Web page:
Erik Horne (Oklahoman) on the Thunder’s shooting issues being on display in the postseason: “Some of the Thunder’s struggles on offense will likely turn in Oklahoma City. According to NBA.com, the Thunder is shooting 27.8 percent on “wide open” shots (closest defender is six feet away or more), including 20 percent on “wide open” 3-pointers. Jerami Grant (0-of-8 from 3) won’t go an entire series without a 3. But there’s really no telling with Westbrook and Schroder, a combined 1-of-18 from deep in two games. Much of what is happening against the Blazers is the Thunder’s deficiencies on display. The Thunder is trying to take the most efficient shots to suit its personnel – catch-and-shoot 3-pointers off penetration, shots at the rim, second-chance opportunities, fast break buckets. Westbrook deserves credit, as does Donovan, for bending the offense to produce more efficient shots. Yet, this statistical rundown, which has been documented before in The Oklahoman, warrants another mention: The Thunder wasn’t above-average at any shot distance this season.”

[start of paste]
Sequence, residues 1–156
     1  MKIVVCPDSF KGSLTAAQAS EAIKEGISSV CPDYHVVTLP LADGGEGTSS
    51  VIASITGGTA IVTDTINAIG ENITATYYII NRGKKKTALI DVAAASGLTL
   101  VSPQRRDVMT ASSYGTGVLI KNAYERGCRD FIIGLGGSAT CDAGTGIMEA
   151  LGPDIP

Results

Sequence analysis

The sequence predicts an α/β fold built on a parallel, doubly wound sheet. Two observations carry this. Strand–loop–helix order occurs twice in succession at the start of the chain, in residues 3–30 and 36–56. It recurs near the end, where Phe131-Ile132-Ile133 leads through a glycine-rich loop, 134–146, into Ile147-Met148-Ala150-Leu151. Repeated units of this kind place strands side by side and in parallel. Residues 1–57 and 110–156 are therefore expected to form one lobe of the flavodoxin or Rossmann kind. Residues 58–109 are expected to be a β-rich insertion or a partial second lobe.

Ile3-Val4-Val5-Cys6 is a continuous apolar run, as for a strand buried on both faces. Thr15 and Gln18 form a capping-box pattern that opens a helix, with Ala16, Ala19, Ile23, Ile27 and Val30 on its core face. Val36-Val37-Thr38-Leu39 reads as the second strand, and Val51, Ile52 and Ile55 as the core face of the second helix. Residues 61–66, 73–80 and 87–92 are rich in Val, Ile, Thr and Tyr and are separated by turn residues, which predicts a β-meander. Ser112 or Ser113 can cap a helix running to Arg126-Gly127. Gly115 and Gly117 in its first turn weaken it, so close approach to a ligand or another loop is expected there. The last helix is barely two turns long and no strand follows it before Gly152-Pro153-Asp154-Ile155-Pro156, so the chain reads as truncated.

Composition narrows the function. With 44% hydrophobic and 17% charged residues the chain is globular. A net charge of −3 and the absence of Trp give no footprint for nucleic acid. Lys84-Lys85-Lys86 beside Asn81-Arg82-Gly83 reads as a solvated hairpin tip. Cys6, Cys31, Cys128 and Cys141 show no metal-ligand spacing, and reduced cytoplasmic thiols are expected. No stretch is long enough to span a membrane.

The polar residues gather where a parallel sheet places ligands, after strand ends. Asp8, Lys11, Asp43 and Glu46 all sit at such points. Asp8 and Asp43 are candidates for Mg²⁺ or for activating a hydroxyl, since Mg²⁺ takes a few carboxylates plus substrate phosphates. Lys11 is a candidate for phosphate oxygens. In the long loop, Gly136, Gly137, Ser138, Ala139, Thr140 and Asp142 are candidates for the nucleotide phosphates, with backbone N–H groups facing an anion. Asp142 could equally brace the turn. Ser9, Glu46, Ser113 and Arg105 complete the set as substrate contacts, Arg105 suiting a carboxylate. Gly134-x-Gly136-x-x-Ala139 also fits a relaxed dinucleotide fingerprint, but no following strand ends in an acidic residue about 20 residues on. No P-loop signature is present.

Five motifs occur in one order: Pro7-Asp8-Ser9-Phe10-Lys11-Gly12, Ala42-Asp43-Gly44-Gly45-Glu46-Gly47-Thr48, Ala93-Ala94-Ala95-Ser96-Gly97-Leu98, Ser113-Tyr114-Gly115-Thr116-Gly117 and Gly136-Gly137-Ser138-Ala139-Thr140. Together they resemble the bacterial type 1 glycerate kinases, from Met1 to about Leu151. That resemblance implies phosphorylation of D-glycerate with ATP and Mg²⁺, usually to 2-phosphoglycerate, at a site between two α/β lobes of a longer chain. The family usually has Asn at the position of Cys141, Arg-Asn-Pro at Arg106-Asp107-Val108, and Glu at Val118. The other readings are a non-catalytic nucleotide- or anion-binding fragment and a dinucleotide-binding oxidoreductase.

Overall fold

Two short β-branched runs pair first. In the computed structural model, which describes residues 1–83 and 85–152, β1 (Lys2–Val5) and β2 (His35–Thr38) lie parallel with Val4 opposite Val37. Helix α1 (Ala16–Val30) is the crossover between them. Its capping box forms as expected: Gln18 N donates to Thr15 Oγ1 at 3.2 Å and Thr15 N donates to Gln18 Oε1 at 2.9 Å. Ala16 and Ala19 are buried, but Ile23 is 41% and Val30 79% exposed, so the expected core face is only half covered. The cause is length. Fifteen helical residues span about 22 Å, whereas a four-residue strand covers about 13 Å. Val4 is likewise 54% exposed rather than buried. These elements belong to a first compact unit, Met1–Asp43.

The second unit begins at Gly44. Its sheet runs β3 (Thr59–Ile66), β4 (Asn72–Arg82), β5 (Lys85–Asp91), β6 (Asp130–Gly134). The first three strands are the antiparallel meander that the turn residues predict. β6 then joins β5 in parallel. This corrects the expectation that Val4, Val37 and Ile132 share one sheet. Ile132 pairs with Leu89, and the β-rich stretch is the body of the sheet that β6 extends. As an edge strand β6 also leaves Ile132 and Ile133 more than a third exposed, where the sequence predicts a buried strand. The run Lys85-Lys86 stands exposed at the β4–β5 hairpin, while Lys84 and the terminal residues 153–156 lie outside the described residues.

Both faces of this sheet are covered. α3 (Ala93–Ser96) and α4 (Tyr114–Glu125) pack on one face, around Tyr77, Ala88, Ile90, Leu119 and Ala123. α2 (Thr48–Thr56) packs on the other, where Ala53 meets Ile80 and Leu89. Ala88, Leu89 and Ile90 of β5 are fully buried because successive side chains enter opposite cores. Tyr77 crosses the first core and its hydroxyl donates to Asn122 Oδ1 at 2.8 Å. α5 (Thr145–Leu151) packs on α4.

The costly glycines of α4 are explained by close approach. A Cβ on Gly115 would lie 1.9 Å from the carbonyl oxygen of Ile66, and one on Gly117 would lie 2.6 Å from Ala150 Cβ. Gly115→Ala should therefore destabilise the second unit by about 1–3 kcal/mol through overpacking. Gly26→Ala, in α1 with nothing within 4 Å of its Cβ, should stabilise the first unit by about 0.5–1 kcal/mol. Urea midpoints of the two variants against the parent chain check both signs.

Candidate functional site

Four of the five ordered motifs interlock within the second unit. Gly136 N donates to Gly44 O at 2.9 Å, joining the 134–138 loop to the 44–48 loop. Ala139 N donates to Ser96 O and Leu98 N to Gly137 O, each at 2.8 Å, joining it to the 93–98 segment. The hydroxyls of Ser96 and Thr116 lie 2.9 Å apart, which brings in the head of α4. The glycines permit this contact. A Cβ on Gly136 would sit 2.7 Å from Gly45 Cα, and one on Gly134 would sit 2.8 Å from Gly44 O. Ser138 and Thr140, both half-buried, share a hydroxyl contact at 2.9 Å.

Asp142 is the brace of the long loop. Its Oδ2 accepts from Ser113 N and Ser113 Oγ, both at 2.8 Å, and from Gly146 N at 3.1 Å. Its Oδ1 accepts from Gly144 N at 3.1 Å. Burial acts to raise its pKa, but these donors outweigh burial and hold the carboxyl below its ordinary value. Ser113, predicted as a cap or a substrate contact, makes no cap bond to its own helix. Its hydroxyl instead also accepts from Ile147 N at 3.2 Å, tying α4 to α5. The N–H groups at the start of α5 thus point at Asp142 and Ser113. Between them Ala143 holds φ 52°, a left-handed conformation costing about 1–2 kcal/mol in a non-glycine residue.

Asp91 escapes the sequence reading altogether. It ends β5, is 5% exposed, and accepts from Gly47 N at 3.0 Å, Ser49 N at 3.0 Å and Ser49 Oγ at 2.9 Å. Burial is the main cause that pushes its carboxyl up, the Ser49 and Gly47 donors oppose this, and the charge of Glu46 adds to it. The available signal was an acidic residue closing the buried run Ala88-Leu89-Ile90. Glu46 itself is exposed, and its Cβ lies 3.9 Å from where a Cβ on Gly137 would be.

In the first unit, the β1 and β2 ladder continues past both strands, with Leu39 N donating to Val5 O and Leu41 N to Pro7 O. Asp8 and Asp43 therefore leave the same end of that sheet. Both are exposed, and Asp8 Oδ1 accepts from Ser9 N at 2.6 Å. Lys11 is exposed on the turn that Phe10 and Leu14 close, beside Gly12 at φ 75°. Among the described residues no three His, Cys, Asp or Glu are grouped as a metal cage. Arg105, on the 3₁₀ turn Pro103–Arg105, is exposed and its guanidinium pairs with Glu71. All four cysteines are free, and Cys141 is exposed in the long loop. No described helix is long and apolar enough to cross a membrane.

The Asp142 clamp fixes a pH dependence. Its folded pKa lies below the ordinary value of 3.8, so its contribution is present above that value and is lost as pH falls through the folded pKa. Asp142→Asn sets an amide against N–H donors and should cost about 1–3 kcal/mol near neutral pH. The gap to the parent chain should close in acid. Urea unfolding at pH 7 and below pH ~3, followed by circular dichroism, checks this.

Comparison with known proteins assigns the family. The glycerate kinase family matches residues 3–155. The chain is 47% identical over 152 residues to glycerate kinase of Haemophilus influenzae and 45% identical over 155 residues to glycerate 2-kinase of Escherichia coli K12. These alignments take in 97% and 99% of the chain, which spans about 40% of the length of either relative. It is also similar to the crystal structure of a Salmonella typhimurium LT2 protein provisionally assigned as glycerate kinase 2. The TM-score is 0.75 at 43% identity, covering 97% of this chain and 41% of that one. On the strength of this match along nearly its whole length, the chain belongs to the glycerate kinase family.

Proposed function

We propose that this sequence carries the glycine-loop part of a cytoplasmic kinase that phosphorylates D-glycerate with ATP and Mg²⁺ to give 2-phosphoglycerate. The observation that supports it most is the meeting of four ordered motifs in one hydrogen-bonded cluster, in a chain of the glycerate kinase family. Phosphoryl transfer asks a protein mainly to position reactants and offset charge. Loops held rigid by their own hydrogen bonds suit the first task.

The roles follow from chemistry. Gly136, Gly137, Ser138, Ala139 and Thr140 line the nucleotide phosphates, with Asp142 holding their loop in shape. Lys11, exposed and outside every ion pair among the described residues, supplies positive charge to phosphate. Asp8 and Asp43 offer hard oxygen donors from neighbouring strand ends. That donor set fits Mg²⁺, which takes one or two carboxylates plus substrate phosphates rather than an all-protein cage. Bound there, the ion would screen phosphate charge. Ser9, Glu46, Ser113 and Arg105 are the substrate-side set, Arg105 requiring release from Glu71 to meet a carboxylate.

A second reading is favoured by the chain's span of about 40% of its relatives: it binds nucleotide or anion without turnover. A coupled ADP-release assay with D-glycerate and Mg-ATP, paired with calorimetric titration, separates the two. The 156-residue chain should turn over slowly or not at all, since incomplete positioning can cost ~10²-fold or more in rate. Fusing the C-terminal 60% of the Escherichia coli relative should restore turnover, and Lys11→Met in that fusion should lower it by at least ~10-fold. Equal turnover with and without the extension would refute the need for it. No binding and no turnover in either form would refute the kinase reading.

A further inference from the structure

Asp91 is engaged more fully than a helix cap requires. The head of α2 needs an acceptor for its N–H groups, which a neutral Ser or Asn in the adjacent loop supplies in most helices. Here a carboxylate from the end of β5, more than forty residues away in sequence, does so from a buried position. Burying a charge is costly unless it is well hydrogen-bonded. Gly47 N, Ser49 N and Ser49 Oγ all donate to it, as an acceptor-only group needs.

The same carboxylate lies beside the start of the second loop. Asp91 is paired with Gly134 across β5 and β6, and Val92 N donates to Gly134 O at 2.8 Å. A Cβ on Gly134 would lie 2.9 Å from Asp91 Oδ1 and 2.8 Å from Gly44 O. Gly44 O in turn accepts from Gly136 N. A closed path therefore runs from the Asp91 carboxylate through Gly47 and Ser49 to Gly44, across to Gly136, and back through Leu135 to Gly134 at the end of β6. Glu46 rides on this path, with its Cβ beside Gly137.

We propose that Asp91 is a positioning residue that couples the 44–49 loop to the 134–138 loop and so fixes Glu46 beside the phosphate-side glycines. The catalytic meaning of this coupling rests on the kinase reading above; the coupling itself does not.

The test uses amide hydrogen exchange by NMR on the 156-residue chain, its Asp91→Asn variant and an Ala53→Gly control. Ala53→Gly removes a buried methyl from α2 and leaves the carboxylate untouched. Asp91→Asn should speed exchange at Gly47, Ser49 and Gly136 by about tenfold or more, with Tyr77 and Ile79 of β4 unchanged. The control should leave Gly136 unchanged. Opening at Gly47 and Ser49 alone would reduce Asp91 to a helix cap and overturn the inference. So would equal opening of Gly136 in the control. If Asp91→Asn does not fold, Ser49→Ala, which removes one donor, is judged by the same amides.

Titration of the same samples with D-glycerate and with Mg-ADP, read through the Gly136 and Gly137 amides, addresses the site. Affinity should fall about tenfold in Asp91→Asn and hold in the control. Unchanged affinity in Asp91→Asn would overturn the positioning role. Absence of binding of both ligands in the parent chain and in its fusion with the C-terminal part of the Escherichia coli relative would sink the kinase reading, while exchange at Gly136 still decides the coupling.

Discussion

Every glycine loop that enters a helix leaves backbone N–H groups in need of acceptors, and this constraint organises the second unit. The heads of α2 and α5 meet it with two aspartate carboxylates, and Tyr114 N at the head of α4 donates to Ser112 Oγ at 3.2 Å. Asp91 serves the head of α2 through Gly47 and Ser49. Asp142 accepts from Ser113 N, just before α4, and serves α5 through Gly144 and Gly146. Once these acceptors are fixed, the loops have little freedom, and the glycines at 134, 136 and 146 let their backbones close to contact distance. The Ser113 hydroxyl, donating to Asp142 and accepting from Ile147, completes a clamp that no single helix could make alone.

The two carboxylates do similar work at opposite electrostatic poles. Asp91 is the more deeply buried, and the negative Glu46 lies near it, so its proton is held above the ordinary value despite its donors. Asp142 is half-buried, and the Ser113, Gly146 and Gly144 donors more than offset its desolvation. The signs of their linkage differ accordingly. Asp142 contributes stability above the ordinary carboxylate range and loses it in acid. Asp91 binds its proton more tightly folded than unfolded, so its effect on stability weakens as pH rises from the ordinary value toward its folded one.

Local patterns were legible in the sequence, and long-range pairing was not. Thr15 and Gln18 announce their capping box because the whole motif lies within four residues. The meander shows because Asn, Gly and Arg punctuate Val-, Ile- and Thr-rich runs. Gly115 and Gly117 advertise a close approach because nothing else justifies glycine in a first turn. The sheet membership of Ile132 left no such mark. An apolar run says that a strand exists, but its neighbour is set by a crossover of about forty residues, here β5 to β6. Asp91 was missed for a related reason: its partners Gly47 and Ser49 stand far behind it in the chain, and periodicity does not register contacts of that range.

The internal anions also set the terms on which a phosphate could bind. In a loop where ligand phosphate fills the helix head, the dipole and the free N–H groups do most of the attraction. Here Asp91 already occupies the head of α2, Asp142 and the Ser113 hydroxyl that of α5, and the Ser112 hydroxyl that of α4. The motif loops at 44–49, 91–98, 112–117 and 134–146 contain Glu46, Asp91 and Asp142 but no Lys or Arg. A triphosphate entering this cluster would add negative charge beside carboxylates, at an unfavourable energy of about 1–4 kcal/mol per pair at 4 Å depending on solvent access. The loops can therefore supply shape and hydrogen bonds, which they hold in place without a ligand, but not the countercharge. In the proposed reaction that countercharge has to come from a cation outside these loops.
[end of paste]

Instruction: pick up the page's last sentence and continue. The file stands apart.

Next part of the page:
Jeff Siegel (EarlyBirdRights) on what Steven Adams’ floater adds to the Thunder’s spacing: “The playoffs are a game of weaknesses, and Presti has bet heavily over the last few years on building a defense devoid of weaknesses, even if it brings their offensive ceiling down. It feels odd to say that Adams, who really can’t shoot outside of the paint, provides “spacing” to the team’s offense, but the difference between only being able to shoot at the rim and being able to hit short hooks and floaters from 5-6 feet gives them a different kind of spacing. His efficiency from these areas and ability to rise over Kanter’s contest makes him a valuable component of their offensive attack, especially in pick-and-roll with Westbrook, and is something that should be featured more heavily as the Thunder move forward in this series. Eschewing post-ups, which play right into Kanter’s strengths, and adding more pick-and-roll to their attacking profile, will give the Thunder offense a boost they desperately need. Every fraction of a point is important in the playoffs, especially in a closely contested series, and Oklahoma City will want to maximize every trip down the floor if they’re going to take advantage of their very real opportunity to make the Conference Finals this season.”